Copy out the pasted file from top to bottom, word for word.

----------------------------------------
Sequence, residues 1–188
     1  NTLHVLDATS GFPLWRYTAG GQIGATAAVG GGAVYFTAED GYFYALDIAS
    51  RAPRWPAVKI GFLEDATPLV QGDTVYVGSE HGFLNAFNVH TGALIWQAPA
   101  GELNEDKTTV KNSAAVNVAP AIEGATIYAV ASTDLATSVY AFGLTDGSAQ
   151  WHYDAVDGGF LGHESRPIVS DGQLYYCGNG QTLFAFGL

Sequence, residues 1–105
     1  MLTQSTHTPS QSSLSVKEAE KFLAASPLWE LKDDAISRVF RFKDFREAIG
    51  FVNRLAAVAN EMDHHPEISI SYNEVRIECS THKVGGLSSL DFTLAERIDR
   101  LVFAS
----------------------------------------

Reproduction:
Sequence, residues 1–188
     1  NTLHVLDATS GFPLWRYTAG GQIGATAAVG GGAVYFTAED GYFYALDIAS
    51  RAPRWPAVKI GFLEDATPLV QGDTVYVGSE HGFLNAFNVH TGALIWQAPA
   101  GELNEDKTTV KNSAAVNVAP AIEGATIYAV ASTDLATSVY AFGLTDGSAQ
   151  WHYDAVDGGF LGHESRPIVS DGQLYYCGNG QTLFAFGL

Sequence, residues 1–105
     1  MLTQSTHTPS QSSLSVKEAE KFLAASPLWE LKDDAISRVF RFKDFREAIG
    51  FVNRLAAVAN EMDHHPEISI SYNEVRIECS THKVGGLSSL DFTLAERIDR
   101  LVFAS